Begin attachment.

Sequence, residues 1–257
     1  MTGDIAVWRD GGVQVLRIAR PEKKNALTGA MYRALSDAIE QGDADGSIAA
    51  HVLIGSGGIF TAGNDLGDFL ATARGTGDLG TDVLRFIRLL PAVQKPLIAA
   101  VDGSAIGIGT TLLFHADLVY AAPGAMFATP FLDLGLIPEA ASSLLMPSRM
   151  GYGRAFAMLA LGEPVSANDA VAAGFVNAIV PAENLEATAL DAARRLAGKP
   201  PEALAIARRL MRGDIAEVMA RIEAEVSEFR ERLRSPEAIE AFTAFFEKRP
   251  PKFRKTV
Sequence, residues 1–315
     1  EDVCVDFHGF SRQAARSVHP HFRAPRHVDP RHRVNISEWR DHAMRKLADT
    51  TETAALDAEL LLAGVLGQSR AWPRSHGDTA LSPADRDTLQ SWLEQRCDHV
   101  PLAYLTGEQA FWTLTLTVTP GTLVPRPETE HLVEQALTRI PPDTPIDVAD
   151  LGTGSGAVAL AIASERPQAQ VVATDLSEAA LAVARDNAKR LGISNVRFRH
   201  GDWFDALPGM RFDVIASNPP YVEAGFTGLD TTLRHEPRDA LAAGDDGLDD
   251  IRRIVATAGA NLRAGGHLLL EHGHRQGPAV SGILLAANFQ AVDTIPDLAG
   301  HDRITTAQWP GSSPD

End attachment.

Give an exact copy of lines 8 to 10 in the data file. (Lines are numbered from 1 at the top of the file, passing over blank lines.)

Sequence, residues 1–315
     1  EDVCVDFHGF SRQAARSVHP HFRAPRHVDP RHRVNISEWR DHAMRKLADT
    51  TETAALDAEL LLAGVLGQSR AWPRSHGDTA LSPADRDTLQ SWLEQRCDHV